What "Community Banking" Means to Us
By Don Kveton
November 15, 2018
Trust -- it’s at the heart of everything we do at Village Bank. From building trusted relationships with our Villagers to donating our time and resources to local causes that help our neighbors and friends, it’s how we define community banking.
When I chartered our first Village Bank in St. Francis 25 years ago, I wanted to create a trustworthy financial institution where people could turn when they wanted to buy a house, start a business or go to college. I wanted the bank to have a positive impact on our area by supporting local businesses, schools and community colleges, in addition to working with our local chambers and governments. Village Bank was designed to be a cornerstone of our growing community, just like banks used to be when my parents and grandparents were growing up.
I learned from an early age how vital a trusted community bank can be. My passion for community banking was first planted back on our family dairy farm in northern Minnesota. It was a multigenerational farm -- my grandparents lived there, and their grandparents homesteaded it. We worked hard for what we had, and we were proud of what we built.
During the 1950s and 60s, we experienced extreme droughts. It made our life on the farm even more challenging and stressful. Times were so tough that my father had to resort to buying hay out of state, which was very expensive.
One day, a man in a suit came to our door and asked for my father. The man said his bank was going to take our farm unless we paid our bills. I’ll never forget what my father said to him -- “You can’t take my farm. If you do, you’ll take my family.” I could hear the fear in my father’s voice -- fear over where we would live and what we would do. It’s a helpless feeling knowing that your future lies in the hands of someone who won’t take the time to listen to or work with you. It was in that moment I realized there had to be a better way. If I ever had a prayer of becoming a businessman, I would start a bank that wouldn’t treat people the way the man in the suit treated my father. I began dreaming of a bank that would see potential in people, and in turn, protect and grow its community.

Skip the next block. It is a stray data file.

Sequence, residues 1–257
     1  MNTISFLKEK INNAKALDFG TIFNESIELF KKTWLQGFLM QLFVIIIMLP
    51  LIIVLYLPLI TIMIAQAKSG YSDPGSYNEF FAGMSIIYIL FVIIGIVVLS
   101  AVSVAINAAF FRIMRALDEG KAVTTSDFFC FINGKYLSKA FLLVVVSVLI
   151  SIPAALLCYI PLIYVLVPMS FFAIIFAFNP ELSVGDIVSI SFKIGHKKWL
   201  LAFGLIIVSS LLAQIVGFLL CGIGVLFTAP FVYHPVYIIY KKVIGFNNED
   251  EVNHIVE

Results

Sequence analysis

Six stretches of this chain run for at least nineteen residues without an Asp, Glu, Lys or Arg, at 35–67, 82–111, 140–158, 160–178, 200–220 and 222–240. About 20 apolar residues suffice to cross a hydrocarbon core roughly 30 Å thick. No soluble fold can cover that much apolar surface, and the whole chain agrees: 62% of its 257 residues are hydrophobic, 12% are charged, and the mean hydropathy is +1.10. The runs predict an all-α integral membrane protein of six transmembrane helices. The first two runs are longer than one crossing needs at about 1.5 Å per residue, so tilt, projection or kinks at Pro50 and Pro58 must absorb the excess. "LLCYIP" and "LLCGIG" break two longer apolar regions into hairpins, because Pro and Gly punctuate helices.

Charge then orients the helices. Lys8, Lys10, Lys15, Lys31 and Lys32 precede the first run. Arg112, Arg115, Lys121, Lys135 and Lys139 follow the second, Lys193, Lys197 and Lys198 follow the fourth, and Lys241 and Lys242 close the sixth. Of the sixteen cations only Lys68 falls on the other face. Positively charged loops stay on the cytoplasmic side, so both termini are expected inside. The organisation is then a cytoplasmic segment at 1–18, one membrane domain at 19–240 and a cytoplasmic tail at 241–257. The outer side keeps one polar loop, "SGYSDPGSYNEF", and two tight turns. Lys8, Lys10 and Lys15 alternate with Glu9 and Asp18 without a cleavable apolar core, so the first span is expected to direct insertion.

Sadly, my father passed away when I was 14 years old, and I knew then that I would have to make my own way in the world. I left home at 16 and moved to the Cities, where I started cleaning buildings. My younger brother came with me, and I helped raise him. Even though I was still a teenager, those years on the family farm instilled a drive in me to work hard for what I have and not to accept handouts. My faith, belief in good people and a strong work ethic got me through those difficult years and helped me become the entrepreneur and family man I am today.
While the number of community banks around Minnesota shrinks, our community bank is thriving. In fact, we plan on growing our staff by 20% next year. But the Village Bank success story isn’t just mine. It’s often said that the key to success is surrounding yourself with the right people, and we most certainly have! Our Villagers -- from our staff to our clients -- are an integral part of our success and why we are excited about the future.
It’s also truly one of God’s greatest blessings when you can work with your children, and I’m honored to work alongside my daughter, Aleesha Webb, the new President of Village Bank. Aleesha shares my passion for community banking and cares just as deeply about protecting and supporting our Village. Like me, she believes a trusted community bank is the foundation of a thriving Village and will uphold our tradition of valuing our employees and supporting economic sustainability. She’s also committed to giving back to our community through the banks’ local volunteer efforts, food drives, and collecting school supplies for kids.
I’m so proud that our Villagers turn to Village Bank because they know we’ll help them whenever it’s possible. We go beyond what other banks do because we care. We are a community bank. We are proud to be a part of your Village.